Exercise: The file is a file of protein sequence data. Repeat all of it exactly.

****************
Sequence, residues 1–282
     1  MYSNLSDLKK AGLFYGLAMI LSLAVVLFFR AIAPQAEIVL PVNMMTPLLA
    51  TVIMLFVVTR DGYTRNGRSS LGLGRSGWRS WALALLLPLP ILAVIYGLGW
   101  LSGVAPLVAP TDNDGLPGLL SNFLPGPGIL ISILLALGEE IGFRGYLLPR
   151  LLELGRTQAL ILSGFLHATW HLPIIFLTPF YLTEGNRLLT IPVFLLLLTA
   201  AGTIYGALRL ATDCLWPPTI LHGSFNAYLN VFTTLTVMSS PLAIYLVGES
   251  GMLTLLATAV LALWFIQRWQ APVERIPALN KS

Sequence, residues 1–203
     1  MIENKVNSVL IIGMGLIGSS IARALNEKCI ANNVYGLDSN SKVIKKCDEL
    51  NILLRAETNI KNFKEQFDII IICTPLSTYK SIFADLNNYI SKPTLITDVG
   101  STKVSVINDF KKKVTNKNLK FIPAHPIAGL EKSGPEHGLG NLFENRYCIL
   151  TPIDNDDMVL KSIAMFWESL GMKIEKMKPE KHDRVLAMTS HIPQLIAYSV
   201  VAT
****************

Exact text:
Sequence, residues 1–282
     1  MYSNLSDLKK AGLFYGLAMI LSLAVVLFFR AIAPQAEIVL PVNMMTPLLA
    51  TVIMLFVVTR DGYTRNGRSS LGLGRSGWRS WALALLLPLP ILAVIYGLGW
   101  LSGVAPLVAP TDNDGLPGLL SNFLPGPGIL ISILLALGEE IGFRGYLLPR
   151  LLELGRTQAL ILSGFLHATW HLPIIFLTPF YLTEGNRLLT IPVFLLLLTA
   201  AGTIYGALRL ATDCLWPPTI LHGSFNAYLN VFTTLTVMSS PLAIYLVGES
   251  GMLTLLATAV LALWFIQRWQ APVERIPALN KS

Sequence, residues 1–203
     1  MIENKVNSVL IIGMGLIGSS IARALNEKCI ANNVYGLDSN SKVIKKCDEL
    51  NILLRAETNI KNFKEQFDII IICTPLSTYK SIFADLNNYI SKPTLITDVG
   101  STKVSVINDF KKKVTNKNLK FIPAHPIAGL EKSGPEHGLG NLFENRYCIL
   151  TPIDNDDMVL KSIAMFWESL GMKIEKMKPE KHDRVLAMTS HIPQLIAYSV
   201  VAT